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Staying Centered During Finals
Ria | November 25, 2019

Finals can be a scary time. There are a lot of assignments due at once, all of which are really important. Everyone is desperately trying to bump their grades up, and it is cold and windy outside. However, it does not need to be so terrible! Once you figure out the approach that works for you, finals become a lot easier to manage. Below, I will share what I do to keep afloat during that busy time.


1. I make sure I finish all of my non-exam assignments before reading days

I define non-exam assignments as papers, homework, and other little things that are not exams. Most of these are due before reading days anyways, so this is not too ambitious, but I like to make sure that the only things I need to focus on during finals are my exams.


2. I have a plan for studying before reading days based on the strategies that worked for me during midterms for the class

By this time in the semester, I know what works for me for each class. For example, I know that for my statistics exam I need to go over lecture slides, in-class exercises, homework assignments, past exams, go to office hours, and make a cheat sheet. Taking stock of what needs to be done for each exam, giving it a time estimate, and adding a buffer on top of that are important to building a schedule.


3. I divide my days into chunks

I keep a regimented structure during finals and this ensures that I am sleeping and eating well and seeing friends. I typically wake up at 8, study from 9-12, go on a walk and eat lunch with a friend from 12-2, study from 2-5, go to the gym and eat dinner with a friend from 5-7, and study from 7-10. I fall asleep at around 11:30, and the eight and a half hours of sleep a night, quality time with friends, good meals, and physical exercise keep me happy.


4. I take breaks and keep tabs on my energy levels

I think there is zero point in forcing yourself to study when you are exhausted or have no energy to be doing so. When I try to study when I am cranky or tired or needing rest, I end up accomplishing nothing and feeling bad for it. Instead, I recognize that I am feeling a little low, take the day off to spend time outdoors or with friends, and recharge for the remainder of my studying. The main difference between this and sheer procrastination is intentionality, the type of activity I do to recharge, and the intention to double down later.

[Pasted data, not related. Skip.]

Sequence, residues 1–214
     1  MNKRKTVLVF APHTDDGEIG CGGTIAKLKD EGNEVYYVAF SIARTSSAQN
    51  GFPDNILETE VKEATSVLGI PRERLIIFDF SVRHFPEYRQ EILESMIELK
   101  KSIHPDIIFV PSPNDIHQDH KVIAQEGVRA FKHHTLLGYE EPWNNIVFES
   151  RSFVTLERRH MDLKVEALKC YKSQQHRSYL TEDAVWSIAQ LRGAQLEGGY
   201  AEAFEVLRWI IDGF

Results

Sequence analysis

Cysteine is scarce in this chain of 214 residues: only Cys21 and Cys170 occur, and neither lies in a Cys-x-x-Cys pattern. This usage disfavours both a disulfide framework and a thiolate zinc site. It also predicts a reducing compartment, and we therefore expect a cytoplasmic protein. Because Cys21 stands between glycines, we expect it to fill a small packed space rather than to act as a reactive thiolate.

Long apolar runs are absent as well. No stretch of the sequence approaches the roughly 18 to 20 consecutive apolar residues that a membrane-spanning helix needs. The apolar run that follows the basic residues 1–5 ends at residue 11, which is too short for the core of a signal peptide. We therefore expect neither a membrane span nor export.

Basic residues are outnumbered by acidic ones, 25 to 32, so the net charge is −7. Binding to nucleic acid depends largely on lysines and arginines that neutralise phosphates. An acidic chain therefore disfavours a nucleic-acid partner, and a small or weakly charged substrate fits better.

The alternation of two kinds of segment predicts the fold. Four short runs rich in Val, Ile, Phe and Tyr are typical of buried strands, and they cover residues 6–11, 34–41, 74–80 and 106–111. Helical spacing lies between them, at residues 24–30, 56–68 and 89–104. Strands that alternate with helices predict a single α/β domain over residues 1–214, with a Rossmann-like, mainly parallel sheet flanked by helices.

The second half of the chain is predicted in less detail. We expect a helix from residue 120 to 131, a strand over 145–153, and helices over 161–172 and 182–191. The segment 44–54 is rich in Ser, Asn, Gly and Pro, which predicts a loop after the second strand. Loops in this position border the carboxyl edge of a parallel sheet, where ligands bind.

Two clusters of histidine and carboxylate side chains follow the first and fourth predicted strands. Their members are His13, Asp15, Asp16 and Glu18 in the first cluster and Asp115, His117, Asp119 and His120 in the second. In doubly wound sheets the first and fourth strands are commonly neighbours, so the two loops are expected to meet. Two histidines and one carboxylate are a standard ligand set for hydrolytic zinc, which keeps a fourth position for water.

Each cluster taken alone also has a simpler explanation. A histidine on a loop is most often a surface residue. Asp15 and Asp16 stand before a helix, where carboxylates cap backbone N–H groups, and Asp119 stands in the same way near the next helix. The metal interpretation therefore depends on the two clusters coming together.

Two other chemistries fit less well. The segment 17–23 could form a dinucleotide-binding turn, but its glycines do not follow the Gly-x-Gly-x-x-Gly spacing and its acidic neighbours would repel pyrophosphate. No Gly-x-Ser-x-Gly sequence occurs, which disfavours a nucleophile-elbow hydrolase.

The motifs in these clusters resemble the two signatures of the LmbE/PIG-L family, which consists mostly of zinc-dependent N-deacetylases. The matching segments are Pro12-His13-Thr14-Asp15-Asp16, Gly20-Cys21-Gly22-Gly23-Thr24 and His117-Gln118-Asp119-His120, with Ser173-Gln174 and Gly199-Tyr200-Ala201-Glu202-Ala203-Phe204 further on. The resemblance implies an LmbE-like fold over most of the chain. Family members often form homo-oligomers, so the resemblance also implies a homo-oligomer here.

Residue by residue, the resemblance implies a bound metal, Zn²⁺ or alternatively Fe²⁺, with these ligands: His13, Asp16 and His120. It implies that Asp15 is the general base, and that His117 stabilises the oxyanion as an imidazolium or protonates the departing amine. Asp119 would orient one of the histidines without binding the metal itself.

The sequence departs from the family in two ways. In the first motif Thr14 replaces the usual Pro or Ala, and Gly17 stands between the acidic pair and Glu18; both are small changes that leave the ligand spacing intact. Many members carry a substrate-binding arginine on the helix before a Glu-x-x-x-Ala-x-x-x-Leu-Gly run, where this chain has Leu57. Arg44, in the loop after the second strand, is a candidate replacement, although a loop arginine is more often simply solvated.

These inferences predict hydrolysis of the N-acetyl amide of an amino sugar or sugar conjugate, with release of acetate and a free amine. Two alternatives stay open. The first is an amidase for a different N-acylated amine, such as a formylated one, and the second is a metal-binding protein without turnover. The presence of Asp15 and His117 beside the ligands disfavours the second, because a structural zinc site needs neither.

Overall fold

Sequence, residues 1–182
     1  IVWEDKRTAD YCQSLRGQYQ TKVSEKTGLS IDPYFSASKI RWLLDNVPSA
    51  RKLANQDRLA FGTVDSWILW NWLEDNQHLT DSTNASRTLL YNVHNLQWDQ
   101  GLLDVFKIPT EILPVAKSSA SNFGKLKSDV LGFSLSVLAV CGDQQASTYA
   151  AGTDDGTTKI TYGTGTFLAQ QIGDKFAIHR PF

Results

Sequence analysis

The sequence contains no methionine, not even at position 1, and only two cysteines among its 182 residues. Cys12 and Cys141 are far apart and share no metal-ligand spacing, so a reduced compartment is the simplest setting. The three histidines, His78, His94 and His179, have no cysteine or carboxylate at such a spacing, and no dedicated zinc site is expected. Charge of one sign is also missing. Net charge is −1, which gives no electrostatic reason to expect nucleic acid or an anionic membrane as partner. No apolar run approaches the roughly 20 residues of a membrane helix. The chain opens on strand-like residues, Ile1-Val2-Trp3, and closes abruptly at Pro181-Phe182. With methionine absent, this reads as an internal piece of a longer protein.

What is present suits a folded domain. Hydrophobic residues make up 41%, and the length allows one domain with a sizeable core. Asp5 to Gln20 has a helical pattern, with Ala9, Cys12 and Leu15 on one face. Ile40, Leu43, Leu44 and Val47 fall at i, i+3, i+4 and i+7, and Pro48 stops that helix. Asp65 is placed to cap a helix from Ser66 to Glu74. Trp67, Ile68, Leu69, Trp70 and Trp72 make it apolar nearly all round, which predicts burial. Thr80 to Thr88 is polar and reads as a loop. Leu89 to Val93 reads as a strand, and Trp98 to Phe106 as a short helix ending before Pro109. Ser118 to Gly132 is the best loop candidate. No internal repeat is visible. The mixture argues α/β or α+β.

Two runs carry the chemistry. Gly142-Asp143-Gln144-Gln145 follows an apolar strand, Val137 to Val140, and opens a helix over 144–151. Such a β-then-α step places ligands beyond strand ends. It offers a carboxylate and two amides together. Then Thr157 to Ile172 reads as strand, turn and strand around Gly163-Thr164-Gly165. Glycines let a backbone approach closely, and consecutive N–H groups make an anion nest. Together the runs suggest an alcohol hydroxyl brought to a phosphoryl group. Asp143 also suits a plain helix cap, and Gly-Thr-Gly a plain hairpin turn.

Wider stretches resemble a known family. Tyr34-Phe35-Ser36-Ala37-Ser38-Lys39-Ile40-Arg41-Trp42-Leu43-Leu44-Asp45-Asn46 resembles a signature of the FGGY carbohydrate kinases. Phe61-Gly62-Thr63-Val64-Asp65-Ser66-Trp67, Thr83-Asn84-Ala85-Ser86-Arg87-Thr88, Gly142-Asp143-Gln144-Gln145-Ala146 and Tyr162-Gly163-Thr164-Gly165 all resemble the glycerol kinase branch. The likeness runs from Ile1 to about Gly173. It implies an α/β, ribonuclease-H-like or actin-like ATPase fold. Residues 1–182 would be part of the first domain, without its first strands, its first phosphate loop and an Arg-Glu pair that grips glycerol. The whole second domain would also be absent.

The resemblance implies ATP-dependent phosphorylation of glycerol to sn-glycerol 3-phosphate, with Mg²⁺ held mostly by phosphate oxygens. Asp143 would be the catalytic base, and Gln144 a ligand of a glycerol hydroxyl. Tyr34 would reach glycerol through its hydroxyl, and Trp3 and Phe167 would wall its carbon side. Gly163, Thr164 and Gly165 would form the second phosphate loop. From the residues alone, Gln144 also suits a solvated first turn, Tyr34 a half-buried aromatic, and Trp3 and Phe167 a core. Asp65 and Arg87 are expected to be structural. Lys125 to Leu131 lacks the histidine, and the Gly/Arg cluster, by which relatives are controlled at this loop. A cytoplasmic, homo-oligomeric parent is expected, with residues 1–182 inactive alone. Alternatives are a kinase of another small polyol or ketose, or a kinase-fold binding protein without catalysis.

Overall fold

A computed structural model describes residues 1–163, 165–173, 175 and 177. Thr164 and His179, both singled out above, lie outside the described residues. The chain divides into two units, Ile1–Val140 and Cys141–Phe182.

5. I find calm study spaces

Finding a spot to study outside of your room can be a challenge during finals. Popular study spots, like Huntsman Hall and Van Pelt Library, fill up really fast and it can feel like a competition to snag a good spot. I typically use the more popular locations as a study spot for my morning session and then go to less busy places, like the Penn Museum library, Perry World House, or the lounges in dormitories to study later in the day. Being separated from frantic cramming keeps me calm and enables me to focus on my own studying, as opposed to where my classmates are at in the content.


These are the main strategies I use to take care of myself during exams. My routines give me comfort at a time when it is so easy to let work engulf you and give in to the panic in the air. Everyone is different, though, and I hope my approach helps you figure out what works for you!

About the author

Hi everyone! My name is Ria, and I’m a student in Wharton who is still exploring what all the different concentrations have to offer. I grew up all over but lived in Dubai, U.A.E. before moving to Philadelphia, a city that I absolutely love to explore on the weekends. On-campus, I am involved in Wharton Council, Passion Projects, and work-study at the Development & Alumni Relations department. In my free time, you can catch me reading, doing yoga, and going on walks by the Schuylkill River.

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